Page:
- In the third week of November, we took advantage of the market rally to exit positions in underperforming securities that could be vulnerable in a market downturn, thereby improving overall portfolio quality, and ploughed the proceeds into higher-quality holdings, such as an ETF of the Top 50 US companies.
- In the second week of February, with stock markets at or near record highs, we took profits in some of our most profitable positions and deployed the proceeds into fixed income and other less-volatile securities.
- Earlier this week, we took some profits in a few stocks belonging to defensive sectors that had held up well (such as gold miners and utilities) and used the proceeds to add to positions in stocks that were trading at compelling valuations.
While our focus on risk mitigation – a critical component of investing for the long haul – may lead to our portfolios trailing their benchmarks in strong bull markets, this approach ensures adequate downside protection during volatile times like the present. As our clients may be aware, the risk mitigation strategies we employ in our investment portfolios include:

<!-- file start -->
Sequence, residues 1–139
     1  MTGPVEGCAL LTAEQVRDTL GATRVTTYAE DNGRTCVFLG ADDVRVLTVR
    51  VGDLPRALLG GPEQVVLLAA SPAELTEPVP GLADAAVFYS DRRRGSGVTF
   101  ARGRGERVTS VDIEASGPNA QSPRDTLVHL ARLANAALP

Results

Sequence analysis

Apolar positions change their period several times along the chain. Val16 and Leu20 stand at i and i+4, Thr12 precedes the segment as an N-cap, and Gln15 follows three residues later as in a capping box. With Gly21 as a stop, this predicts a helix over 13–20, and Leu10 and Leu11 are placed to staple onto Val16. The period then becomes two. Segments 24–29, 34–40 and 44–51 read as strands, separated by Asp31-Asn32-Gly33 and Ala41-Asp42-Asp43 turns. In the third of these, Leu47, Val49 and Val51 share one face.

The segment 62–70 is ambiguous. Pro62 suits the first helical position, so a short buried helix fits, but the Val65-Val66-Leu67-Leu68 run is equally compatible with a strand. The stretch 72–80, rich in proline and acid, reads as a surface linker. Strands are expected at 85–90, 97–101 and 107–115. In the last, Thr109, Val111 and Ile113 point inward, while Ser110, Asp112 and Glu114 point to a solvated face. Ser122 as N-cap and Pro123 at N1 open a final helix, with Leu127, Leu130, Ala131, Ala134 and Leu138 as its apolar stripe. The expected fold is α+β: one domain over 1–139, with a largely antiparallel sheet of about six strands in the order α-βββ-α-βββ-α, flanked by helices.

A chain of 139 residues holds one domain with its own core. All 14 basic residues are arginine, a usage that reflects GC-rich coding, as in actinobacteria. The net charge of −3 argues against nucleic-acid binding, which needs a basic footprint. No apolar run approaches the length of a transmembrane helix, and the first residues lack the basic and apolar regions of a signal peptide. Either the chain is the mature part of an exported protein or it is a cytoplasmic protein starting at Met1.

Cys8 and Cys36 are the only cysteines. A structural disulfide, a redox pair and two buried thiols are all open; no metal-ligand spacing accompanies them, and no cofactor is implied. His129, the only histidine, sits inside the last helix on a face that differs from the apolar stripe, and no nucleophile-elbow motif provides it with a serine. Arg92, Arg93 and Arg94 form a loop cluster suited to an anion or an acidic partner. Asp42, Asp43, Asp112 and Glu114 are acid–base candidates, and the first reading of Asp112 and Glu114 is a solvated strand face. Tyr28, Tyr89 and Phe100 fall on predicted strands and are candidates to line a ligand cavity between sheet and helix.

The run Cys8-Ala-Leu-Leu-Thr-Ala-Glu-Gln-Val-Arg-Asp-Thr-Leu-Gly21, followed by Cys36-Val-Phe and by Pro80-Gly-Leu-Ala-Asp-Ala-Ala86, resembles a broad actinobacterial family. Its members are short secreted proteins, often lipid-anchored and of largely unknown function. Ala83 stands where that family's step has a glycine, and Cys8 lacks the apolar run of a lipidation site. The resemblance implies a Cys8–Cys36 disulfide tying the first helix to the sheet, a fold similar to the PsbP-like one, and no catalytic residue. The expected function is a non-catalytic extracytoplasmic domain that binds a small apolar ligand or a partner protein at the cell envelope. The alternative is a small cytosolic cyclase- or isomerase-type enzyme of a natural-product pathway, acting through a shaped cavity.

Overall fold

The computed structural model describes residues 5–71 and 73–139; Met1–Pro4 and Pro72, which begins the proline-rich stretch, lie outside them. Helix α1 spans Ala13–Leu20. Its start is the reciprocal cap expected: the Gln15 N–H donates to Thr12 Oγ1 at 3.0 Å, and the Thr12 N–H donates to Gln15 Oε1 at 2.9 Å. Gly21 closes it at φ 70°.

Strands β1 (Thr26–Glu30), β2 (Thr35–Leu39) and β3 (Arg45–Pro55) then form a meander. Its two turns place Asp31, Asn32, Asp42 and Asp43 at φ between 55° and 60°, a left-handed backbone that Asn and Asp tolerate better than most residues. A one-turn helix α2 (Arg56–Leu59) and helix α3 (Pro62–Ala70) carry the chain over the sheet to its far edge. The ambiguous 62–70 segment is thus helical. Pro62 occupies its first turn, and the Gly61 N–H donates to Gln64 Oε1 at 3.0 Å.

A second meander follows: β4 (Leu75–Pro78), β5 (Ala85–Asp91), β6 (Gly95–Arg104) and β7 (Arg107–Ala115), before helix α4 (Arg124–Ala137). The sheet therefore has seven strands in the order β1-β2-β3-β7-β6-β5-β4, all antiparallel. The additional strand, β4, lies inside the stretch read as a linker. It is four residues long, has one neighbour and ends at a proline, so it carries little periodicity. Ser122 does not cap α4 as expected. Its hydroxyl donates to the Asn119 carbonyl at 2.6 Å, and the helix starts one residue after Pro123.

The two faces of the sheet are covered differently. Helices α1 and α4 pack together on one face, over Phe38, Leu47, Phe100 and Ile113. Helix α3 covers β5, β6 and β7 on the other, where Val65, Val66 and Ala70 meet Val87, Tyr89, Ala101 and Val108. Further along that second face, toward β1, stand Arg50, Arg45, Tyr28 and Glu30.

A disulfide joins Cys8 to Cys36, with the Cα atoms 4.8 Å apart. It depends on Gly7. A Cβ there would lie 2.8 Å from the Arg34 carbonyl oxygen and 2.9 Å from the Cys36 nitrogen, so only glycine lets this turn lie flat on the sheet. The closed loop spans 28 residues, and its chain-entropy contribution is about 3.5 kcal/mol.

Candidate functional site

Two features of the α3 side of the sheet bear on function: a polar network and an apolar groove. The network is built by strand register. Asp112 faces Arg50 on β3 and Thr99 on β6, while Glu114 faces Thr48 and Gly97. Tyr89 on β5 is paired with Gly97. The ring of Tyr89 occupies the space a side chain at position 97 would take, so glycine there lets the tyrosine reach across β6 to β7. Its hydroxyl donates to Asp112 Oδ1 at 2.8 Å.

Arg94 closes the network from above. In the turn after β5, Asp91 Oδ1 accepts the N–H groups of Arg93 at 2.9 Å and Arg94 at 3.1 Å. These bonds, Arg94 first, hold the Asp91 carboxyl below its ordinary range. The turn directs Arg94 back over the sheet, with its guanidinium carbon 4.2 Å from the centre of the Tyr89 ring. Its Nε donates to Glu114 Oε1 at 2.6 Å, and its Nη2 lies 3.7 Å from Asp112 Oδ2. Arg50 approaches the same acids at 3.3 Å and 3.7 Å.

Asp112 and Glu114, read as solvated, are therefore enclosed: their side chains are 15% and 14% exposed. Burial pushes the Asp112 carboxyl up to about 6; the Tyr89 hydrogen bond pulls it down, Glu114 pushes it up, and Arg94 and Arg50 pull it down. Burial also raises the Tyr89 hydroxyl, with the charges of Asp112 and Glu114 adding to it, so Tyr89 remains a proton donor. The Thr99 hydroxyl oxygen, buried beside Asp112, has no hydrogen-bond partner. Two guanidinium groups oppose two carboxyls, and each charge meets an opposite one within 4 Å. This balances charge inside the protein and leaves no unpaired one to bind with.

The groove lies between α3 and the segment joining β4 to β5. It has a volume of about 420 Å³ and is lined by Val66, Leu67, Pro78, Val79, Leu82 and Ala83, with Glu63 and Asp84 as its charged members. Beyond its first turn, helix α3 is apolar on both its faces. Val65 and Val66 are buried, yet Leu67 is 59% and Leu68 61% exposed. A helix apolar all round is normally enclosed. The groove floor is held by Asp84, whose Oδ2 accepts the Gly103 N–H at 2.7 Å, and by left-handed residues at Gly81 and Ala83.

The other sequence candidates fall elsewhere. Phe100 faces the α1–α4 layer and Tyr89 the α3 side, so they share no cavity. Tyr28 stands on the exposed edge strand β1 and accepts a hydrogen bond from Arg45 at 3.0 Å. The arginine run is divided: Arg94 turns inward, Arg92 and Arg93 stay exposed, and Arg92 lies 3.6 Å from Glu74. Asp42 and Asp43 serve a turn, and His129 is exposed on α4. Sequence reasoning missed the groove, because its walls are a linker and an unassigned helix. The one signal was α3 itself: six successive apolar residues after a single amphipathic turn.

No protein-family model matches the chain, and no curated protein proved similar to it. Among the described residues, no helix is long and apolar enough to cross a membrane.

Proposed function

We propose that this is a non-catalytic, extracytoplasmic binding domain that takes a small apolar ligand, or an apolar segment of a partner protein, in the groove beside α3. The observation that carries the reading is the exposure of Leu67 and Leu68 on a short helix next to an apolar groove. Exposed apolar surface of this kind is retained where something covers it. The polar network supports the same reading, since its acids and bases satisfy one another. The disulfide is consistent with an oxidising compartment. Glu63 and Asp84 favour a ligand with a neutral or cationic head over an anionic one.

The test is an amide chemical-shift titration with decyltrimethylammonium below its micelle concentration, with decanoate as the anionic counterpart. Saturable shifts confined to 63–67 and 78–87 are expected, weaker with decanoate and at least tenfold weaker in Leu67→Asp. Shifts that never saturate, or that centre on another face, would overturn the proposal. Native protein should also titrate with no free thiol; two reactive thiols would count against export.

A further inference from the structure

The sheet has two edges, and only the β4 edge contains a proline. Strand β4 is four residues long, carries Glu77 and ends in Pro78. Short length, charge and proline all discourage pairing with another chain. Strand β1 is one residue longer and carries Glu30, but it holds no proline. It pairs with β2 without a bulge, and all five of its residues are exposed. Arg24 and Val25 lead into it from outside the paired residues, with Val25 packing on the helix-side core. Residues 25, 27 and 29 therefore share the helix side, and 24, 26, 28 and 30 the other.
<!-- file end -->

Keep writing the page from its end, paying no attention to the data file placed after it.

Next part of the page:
- Being adequately diversified by investing in asset classes that have an inverse or low correlation with stocks, such as long-term government bonds, as well as alternative investments like mortgages and hedge funds.
- Investing primarily in blue-chip, financially strong companies that offer stable returns over the long term with lower risk than the broad market.
- Holding part of the portfolios in US dollar-denominated assets, since the Canadian dollar usually weakens versus the USD during times of market stress.
- Ensuring that our portfolios have adequate amounts invested in near-cash instruments (high-interest accounts and short-term bonds), so that we can capitalize on investment opportunities as they arise.